If you can’t beat ‘em, join ‘em.
That seems to be the approach Qantas is taking with Emirates, a carrier they’ve seen heated competition with in recent years. Emirates has been very aggressive in attacking pretty much everyone in the "Kangaroo Run" market, making it increasingly difficult for other carriers to compete profitably. With this move Qantas will be terminating its partnership with British Airways and shifting its Kangaroo traffic to Dubai, Emirates’ hub, as of April 2013. Between the two carriers there will be 98 weekly flights between Dubai and Australia, many of them on the Airbus A380.
The deal will allow for integrated network collaboration, coordinated pricing, sales and scheduling between the two carriers. Similar to other major ATI agreements this effectively means that the two will operate as a single business when it comes to operations in the covered markets. And the covered markets are significant; there are 70 destinations in Europe, Africa and the Middle East served by Emirates with a single connection. Qantas will become the only carrier other than Emirates to operate into Dubai’s Terminal 3. The deal will also see an alignment of frequent flyer program earning, redemption and other benefits. Lounge access and elite recognition reciprocity will be part of the deal.
At first blush, this move appears to be good for Qantas customers in just about every way. They’ll have access to many more destinations with just a single connection and connecting in Dubai isn’t all that bad a situation. Additionally, according to Qantas CEO Alan Joyce, the move will allow several of the SE Asia flights to be re-timed to allow for better timing of the flights for passengers actually in those markets rather than the folks continuing on to Europe. And, with the most significant price competition now in a joint marketing and profit-sharing agreement, it would seem that Qantas will be able to stem some of the losses they’ve been seeing in their long-haul operations. Actually, this last one might not be so great for the customers but it is always good when the airline can avoid going out of business.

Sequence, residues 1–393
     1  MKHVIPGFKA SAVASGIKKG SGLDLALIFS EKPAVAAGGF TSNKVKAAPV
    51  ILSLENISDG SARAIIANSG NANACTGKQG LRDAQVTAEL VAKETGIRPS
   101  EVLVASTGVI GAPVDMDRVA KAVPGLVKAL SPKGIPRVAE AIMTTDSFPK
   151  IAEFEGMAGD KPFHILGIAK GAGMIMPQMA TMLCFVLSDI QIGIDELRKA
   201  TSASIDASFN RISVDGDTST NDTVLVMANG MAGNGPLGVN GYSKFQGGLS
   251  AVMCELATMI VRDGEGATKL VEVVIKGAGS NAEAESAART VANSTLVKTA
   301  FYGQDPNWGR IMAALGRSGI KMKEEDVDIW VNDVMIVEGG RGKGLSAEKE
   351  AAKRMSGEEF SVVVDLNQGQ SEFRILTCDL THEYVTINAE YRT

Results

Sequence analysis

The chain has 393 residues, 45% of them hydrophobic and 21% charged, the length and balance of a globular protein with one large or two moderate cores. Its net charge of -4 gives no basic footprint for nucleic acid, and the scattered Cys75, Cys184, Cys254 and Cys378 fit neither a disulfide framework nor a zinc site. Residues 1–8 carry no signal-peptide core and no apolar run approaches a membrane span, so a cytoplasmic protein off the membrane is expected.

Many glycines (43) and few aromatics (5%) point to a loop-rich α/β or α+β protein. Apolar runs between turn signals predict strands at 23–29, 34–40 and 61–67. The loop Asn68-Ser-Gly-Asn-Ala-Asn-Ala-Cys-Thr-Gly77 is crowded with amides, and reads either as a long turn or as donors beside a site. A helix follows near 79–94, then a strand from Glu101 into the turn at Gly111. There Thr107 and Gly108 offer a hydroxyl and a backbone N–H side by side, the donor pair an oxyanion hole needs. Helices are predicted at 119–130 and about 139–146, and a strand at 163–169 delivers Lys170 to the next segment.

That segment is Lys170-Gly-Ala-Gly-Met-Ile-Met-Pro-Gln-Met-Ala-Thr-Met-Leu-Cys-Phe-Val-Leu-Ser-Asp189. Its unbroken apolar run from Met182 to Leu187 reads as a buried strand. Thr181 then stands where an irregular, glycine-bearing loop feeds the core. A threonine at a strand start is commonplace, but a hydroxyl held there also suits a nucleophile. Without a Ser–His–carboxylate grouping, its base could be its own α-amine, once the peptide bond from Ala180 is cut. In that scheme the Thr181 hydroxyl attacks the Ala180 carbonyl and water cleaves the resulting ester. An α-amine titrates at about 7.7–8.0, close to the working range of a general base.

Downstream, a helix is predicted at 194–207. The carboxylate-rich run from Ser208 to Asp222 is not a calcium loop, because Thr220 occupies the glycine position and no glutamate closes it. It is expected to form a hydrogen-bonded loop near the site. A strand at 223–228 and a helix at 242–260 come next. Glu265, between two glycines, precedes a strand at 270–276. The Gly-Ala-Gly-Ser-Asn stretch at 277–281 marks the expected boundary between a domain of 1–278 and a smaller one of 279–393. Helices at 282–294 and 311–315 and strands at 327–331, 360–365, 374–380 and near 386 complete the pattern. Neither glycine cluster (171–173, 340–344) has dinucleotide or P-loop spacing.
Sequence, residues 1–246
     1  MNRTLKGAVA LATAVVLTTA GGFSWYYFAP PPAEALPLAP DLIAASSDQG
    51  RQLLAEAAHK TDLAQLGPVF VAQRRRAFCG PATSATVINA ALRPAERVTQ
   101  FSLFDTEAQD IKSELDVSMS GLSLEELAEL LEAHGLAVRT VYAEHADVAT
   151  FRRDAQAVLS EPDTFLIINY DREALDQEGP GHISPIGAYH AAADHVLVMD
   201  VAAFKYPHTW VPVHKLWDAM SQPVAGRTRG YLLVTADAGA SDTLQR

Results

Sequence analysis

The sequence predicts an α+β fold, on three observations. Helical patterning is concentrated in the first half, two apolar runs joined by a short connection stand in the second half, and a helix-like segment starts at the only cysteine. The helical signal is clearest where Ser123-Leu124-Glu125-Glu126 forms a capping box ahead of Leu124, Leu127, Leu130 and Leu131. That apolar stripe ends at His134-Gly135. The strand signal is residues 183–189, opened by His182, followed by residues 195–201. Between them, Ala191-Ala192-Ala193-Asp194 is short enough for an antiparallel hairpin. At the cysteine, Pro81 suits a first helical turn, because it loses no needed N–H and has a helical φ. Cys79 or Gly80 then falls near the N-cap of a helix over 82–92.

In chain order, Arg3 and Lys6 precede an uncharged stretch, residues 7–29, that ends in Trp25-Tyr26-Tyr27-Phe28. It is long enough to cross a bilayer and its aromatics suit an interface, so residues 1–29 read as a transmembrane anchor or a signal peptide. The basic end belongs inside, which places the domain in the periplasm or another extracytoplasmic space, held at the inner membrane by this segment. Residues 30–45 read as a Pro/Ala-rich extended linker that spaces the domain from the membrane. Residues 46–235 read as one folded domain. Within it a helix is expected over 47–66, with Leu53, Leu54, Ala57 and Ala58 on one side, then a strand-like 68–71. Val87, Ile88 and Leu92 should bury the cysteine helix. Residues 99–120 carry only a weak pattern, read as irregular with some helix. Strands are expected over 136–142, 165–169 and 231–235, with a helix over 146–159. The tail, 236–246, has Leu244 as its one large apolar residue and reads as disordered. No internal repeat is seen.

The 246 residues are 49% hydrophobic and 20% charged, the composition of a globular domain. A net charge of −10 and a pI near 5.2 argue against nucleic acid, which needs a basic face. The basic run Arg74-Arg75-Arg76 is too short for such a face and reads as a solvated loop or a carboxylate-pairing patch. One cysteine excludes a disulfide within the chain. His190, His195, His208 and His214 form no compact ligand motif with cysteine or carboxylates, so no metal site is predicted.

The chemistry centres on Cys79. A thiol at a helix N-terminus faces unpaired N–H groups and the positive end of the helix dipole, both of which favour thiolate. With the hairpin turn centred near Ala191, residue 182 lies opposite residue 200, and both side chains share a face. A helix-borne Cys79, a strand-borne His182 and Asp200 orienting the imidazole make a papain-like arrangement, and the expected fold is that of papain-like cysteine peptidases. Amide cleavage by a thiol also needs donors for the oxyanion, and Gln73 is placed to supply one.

Then again, Emirates has historically been somewhat predatory in their pricing and other tactics. This could be a situation where joining forces doesn’t actually make things better for both parties. And it seems likely that Qantas would be the one to lose were that the case.
The move also raises a couple interesting questions around the future marketing plans for Qantas. Currently the carrier serves as a cornerstone of the oneworld alliance. That made connectivity with British Airways, Cathay Pacific and JAL in Asia quite reasonable. And connectivity with American Airlines in North America was similarly useful. Rumors have Qatar trying to edge in on oneworld, however, and Etihad has also just signed a similar deal with Virgin Australia. These developments within the Middle East – Australia market certainly will make things interesting. For the Americas market it certainly makes sense for Qantas to remain in oneworld. For the African, European and Asian markets the benefits aren’t quite so clear anymore, though having partners for local traffic in those regions will still be valuable and there aren’t many independents left.
Interesting potential for change, indeed.